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Onychomycosis frequency in psoriatic patients in a tertiary care hospital

How to cite this article: Méndez-Tovar LJ, Arévalo-López A, Domínguez-Aguilar S, Manzano-Gayosso P, Hernández-Hernández F, López Martínez R, Silva González I. Onychomycosis frequency in psoriatic patients in a tertiary care hospital. Rev Med Inst Mex Seguro Soc. 2015 May-Jun;53(3):374-9.



Received: April 10th 2014

Accepted: February 4th 2015

Onychomycosis frequency in psoriatic patients in a tertiary care hospital

Luis Javier Méndez-Tovar,a Alfredo Arévalo-López,b Sofía Domínguez-Aguilar,b Patricia Manzano-Gayosso,c Francisca Hernández-Hernández,c Rubén López Martínez,c Israel Silva Gonzálezd

aLaboratorio de Investigación Médica en Dermatología y Micología

bServicio de Dermatología y Micología Médica

cDepartamento de Microbiología y Parasitología, Facultad de Medicina, Universidad Nacional Autónoma de México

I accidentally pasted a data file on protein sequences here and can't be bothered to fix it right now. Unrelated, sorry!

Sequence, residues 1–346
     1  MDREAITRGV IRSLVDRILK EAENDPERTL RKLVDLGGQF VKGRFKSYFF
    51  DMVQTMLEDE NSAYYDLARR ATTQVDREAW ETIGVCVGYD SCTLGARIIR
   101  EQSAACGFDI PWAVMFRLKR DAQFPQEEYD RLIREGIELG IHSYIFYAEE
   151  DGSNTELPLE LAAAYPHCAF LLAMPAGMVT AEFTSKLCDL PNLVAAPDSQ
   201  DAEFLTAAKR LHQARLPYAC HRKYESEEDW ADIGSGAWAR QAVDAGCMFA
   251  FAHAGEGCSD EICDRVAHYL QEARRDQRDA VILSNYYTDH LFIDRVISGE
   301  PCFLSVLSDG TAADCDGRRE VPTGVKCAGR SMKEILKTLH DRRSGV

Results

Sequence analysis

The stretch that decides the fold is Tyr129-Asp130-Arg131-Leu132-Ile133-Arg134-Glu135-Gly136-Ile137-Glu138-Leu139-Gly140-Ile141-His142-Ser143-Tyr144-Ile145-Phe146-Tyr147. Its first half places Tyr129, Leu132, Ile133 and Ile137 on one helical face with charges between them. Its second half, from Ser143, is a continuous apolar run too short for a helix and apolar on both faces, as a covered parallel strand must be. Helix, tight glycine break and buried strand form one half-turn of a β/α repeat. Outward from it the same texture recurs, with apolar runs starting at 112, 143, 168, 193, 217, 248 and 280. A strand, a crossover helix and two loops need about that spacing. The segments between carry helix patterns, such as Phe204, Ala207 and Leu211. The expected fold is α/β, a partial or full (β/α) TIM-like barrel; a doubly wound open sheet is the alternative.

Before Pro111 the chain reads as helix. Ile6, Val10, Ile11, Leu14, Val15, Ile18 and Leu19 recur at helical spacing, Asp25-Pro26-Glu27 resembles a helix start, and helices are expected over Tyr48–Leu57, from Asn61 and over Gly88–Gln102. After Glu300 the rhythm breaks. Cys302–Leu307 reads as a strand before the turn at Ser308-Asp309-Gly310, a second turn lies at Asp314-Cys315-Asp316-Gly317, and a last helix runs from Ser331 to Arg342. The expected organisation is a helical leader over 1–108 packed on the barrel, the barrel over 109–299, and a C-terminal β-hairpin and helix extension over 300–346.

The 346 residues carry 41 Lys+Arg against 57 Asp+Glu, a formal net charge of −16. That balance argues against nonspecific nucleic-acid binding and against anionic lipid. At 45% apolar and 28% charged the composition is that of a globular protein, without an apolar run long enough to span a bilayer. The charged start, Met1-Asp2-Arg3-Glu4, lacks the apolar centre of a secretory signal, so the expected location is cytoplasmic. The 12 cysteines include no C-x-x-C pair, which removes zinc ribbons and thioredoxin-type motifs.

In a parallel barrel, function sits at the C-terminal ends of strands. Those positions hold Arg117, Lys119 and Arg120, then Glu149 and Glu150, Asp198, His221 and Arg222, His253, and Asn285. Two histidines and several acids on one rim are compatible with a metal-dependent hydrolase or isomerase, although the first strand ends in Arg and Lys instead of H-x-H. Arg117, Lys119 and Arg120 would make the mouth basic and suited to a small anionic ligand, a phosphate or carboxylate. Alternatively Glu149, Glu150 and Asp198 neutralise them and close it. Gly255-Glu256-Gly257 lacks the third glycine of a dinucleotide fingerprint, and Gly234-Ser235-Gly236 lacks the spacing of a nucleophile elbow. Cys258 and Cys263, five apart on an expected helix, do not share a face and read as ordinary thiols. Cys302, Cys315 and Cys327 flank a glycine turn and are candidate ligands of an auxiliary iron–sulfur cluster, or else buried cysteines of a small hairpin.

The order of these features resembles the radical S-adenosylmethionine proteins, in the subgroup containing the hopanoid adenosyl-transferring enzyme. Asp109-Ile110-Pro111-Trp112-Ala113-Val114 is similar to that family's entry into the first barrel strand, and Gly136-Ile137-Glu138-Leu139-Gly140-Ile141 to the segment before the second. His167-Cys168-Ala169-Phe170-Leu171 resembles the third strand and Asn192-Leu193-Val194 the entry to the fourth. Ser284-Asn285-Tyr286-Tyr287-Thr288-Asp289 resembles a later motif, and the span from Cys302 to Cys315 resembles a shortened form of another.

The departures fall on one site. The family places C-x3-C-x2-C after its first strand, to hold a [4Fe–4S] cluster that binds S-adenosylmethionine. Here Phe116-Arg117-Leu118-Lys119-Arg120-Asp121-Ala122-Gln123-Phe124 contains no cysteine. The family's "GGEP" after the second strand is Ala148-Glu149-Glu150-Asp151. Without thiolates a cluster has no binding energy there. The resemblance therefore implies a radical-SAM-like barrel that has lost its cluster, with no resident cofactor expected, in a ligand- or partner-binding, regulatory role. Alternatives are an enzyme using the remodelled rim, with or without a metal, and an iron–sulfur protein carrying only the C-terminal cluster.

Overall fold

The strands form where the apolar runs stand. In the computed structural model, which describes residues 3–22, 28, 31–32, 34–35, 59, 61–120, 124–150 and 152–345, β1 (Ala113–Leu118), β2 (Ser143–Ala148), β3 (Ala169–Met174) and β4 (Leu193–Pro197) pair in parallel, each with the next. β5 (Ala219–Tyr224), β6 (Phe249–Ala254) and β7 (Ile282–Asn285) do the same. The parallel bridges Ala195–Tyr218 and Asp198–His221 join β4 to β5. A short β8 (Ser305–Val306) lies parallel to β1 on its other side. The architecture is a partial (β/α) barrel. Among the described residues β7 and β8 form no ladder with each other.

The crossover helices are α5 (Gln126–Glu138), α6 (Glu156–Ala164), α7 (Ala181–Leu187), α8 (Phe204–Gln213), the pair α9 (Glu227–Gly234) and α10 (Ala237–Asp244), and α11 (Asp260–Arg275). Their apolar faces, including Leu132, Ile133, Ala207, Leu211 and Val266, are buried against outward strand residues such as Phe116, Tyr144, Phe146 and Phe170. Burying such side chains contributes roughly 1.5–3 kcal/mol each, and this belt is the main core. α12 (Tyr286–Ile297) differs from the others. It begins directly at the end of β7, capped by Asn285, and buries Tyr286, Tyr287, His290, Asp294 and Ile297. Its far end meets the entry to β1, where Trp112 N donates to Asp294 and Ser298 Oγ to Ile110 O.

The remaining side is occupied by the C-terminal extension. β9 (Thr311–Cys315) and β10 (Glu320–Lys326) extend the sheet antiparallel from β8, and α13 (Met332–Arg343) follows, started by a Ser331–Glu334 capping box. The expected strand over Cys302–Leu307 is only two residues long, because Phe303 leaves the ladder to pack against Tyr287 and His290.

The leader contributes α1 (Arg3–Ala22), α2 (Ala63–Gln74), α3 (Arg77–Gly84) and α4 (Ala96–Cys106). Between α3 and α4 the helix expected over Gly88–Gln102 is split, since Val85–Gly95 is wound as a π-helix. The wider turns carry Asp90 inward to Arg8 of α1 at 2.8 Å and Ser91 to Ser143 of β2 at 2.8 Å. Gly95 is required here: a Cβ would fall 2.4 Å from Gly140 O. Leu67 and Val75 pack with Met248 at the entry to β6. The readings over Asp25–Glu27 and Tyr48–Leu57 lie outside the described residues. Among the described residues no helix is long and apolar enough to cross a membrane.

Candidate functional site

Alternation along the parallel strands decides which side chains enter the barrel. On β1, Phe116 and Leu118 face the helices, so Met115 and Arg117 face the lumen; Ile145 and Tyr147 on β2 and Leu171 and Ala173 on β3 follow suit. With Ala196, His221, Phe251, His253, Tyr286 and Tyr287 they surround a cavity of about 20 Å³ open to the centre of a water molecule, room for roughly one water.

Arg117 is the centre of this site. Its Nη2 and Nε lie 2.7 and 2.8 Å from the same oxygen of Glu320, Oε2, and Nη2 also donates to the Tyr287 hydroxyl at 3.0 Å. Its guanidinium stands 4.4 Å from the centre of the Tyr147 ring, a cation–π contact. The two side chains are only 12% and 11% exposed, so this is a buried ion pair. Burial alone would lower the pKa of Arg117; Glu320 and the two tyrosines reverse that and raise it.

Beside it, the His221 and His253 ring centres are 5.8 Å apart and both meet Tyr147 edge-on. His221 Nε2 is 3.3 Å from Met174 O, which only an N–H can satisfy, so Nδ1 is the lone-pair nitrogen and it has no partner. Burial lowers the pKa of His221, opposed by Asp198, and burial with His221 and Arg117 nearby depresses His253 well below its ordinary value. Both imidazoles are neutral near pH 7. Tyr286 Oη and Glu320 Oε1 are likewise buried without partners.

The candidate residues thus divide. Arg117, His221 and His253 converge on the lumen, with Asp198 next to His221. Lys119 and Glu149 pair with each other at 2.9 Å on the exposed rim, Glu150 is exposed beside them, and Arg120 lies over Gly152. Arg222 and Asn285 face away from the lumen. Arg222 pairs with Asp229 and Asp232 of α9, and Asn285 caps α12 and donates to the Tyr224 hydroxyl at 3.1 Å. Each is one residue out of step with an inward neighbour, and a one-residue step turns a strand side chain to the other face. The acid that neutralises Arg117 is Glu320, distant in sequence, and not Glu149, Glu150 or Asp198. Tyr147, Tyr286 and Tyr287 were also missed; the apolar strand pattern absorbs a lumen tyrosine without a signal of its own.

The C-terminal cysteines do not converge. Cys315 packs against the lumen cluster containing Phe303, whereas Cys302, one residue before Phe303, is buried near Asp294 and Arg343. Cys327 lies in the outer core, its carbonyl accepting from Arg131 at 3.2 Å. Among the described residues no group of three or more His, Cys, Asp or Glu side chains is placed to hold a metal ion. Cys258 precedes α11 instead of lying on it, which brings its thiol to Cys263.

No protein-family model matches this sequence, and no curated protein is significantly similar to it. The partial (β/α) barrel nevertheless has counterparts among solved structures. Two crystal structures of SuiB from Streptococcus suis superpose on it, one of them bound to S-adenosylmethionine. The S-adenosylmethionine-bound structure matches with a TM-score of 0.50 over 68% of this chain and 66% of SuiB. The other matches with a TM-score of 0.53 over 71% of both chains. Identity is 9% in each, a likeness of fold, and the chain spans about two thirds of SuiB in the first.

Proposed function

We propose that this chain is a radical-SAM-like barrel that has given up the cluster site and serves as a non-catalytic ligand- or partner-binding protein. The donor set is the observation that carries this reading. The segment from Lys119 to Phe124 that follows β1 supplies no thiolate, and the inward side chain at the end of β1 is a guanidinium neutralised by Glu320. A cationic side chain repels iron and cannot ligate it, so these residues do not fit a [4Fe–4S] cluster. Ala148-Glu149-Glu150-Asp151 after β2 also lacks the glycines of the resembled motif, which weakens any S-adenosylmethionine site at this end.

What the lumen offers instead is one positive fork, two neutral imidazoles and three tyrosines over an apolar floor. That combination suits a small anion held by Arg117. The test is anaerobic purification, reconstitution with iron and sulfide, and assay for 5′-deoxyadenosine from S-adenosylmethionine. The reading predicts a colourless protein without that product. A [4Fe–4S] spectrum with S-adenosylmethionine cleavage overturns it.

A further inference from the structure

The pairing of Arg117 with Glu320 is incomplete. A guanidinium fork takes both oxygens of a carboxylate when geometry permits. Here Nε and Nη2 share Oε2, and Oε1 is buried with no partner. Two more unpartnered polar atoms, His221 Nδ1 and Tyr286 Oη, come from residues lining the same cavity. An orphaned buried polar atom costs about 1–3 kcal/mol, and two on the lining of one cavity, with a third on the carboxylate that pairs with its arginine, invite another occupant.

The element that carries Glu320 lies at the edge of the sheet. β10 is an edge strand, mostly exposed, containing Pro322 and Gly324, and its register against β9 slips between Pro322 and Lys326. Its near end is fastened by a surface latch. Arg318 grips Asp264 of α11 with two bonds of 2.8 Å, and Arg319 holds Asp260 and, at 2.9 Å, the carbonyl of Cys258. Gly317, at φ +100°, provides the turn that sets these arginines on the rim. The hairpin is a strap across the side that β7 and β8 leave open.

dLaboratorio Central

a,b,dHospital de Especialidades, Centro Médico Nacional Siglo XXI, Instituto Mexicano del Seguro Social

Distrito Federal, México

Communication with: Luis Javier Méndez-Tovar

Telephone: (55) 5627 6900, extension 21480


Background: The changes in psoriatic nails can closely resemble an onychomycosis. Therefore, the fungal infection may be underdiagnosed. It was investigated the frequency of mycosis in fingernails and toenails in 150 patients with psoriasis in a dermatology department.

Methods: The clinical data suggestive of onychomycosis were investigated. Nail scales were obtained and cultured on Sabouraud dextrose agar with and without antibiotic. A direct examination with KOH was also performed.

Results: Out of 150 patients, 67 (45 %) had healthy nails; 42 (28 %) presented onychomycosis and 41 (27 %) showed nail changes without infection. Fingernail changes were more associated with psoriatic onychopathy (82.5 %), unlike toenail changes that were more frequently caused by fungal infection (26.4 % vs. 9.45 % in psoriasis). Out of 20 positive cultures, 22 fungi were isolated, of which 11 belonged to Candida spp. (50 %). As risk factor to develope an onychomycosis, only the psoriasis evolution time showed a significant difference (p = 0.033).